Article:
You make money, but are you making your money work for you? Many people make the mistake of simply bringing money in and paying it out as necessary. Financial stability goes beyond a decent paying job and a basic bank account. You need a plan to create more wealth and a stable future for yourself and your family.
Debt is a financial and stressful weight for most people. Credit card debt eats away at your money; you pay interest and receive nothing in return except the privilege of buying something you didn’t have the cash to pay for.
Even secured debt, such as a car loan, nibbles at your savings. Pay more than the minimum due whenever you can to free yourself from debt early and don’t create more debt if you don’t have to. Minimum payments on your debts are designed to benefit the creditor by maximizing the amount of interest you’ll pay over the life of the debt.
Make a Budget
Budgeting is one of the most important tools you have to reduce debt and save for emergencies and your retirement. An accurate budget will show you exactly where all your money goes each month. Don’t leave out any item, no matter how small you think it is. Small expenses add up over time and you may find you’re spending more on “little” things than you think.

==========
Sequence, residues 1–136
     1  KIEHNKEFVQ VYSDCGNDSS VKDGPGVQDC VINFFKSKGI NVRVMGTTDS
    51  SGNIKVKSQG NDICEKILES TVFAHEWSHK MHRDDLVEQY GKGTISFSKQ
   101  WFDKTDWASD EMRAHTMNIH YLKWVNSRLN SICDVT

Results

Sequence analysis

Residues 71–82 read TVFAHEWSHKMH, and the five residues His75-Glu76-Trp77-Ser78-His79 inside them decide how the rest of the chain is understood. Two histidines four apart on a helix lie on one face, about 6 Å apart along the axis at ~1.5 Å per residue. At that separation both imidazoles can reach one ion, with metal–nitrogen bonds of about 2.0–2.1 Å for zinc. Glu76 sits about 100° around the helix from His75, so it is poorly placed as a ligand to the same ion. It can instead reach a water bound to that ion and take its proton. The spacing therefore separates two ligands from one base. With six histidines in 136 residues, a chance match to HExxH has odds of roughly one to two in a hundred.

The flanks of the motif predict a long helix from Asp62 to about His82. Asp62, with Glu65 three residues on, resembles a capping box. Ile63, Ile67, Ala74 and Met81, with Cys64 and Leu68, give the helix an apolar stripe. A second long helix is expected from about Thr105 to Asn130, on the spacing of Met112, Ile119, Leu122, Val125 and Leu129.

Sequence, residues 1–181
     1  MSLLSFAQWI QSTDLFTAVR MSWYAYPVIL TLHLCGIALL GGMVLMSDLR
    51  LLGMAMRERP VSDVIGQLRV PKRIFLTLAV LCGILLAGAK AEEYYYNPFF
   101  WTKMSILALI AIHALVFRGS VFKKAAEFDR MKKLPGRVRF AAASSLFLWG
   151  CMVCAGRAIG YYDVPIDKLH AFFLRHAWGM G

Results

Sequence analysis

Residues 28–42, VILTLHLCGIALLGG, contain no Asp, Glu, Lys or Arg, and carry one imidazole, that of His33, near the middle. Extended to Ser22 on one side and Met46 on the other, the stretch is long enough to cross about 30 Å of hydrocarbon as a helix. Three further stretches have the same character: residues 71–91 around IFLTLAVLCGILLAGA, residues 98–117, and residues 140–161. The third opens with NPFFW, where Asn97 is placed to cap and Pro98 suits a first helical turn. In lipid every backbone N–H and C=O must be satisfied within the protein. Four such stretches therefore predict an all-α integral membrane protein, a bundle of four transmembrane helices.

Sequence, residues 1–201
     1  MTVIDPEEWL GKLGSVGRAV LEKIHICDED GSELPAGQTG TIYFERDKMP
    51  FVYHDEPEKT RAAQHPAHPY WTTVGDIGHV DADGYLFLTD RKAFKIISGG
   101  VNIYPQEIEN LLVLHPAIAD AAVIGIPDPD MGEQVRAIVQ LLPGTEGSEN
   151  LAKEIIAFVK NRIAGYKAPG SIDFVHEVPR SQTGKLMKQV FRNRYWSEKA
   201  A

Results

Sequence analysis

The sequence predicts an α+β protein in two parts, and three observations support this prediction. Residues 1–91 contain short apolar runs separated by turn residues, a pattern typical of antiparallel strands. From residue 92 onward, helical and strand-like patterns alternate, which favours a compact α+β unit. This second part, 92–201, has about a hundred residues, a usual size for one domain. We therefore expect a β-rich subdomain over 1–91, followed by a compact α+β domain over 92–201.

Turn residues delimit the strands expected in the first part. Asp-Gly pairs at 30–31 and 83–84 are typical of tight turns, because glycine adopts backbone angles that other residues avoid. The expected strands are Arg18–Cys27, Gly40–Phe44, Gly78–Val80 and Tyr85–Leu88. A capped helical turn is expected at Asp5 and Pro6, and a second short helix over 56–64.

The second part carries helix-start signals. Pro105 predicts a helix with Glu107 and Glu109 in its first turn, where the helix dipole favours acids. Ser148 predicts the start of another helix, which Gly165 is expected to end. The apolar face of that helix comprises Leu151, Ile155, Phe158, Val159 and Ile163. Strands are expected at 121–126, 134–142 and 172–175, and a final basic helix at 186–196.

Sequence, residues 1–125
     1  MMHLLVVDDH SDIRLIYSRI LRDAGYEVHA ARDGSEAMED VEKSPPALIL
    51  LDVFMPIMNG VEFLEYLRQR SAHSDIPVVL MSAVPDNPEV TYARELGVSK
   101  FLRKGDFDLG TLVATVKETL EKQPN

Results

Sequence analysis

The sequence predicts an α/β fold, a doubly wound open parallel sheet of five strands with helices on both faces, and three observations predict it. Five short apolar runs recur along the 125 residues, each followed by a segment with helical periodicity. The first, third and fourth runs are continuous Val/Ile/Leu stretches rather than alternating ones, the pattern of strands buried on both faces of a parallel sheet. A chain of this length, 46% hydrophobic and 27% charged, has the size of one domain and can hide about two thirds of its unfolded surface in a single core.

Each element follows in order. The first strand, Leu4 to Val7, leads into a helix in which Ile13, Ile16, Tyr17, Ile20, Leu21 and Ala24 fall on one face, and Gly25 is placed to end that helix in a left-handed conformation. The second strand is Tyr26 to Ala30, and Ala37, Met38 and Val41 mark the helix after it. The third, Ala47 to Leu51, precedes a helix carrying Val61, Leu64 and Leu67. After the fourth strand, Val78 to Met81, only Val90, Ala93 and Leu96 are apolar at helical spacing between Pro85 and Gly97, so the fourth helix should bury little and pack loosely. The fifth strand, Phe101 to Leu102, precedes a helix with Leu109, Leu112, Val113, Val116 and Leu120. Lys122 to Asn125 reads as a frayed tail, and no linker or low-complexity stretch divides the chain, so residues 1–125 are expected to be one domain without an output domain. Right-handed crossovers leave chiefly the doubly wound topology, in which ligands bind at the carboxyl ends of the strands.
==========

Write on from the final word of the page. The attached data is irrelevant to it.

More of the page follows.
Once you’ve made your budget, decide what you can cut. Budgets are not just meant to give you a picture of your current financial state. A detailed budget will help you find your wasteful spending and encourage you to save more. Even if you can’t cut out an expense entirely, you may be able to reduce the amount by looking for a cheaper service or cutting features.
Save, Save, Save
The most common basic bank account, a checking account, is a convenient way to pay your bills, but money you have sitting in there isn’t working for you. Checking accounts have low or no interest rates. The bank is using your money, but you’re getting only convenience in return.
Open a savings account and start saving immediately. Even if you only can afford to put $10 a week in there, after a year, you’ll have $520 saved. If you have an emergency, you can use your savings to cover it instead of putting yourself into debt by relying on credit cards or loans.
If possible, try to open a savings account that requires you keep a minimum amount in the account at all times, such as $200. If you open an account with a minimum deposit amount, you’ll be less likely to take money out unless the situation is a genuine emergency.